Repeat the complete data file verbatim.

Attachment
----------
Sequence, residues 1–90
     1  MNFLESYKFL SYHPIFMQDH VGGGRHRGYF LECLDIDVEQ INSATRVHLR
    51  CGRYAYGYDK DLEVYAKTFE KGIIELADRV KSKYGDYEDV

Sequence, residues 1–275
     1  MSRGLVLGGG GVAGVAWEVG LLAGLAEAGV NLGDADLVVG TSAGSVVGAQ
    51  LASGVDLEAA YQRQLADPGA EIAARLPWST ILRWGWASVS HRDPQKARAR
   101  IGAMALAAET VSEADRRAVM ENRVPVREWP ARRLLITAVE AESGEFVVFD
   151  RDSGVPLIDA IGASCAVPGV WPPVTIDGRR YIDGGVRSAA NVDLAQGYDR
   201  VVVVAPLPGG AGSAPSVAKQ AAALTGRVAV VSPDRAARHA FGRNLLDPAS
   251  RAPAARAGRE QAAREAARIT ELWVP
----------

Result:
Sequence, residues 1–90
     1  MNFLESYKFL SYHPIFMQDH VGGGRHRGYF LECLDIDVEQ INSATRVHLR
    51  CGRYAYGYDK DLEVYAKTFE KGIIELADRV KSKYGDYEDV

Sequence, residues 1–275
     1  MSRGLVLGGG GVAGVAWEVG LLAGLAEAGV NLGDADLVVG TSAGSVVGAQ
    51  LASGVDLEAA YQRQLADPGA EIAARLPWST ILRWGWASVS HRDPQKARAR
   101  IGAMALAAET VSEADRRAVM ENRVPVREWP ARRLLITAVE AESGEFVVFD
   151  RDSGVPLIDA IGASCAVPGV WPPVTIDGRR YIDGGVRSAA NVDLAQGYDR
   201  VVVVAPLPGG AGSAPSVAKQ AAALTGRVAV VSPDRAARHA FGRNLLDPAS
   251  RAPAARAGRE QAAREAARIT ELWVP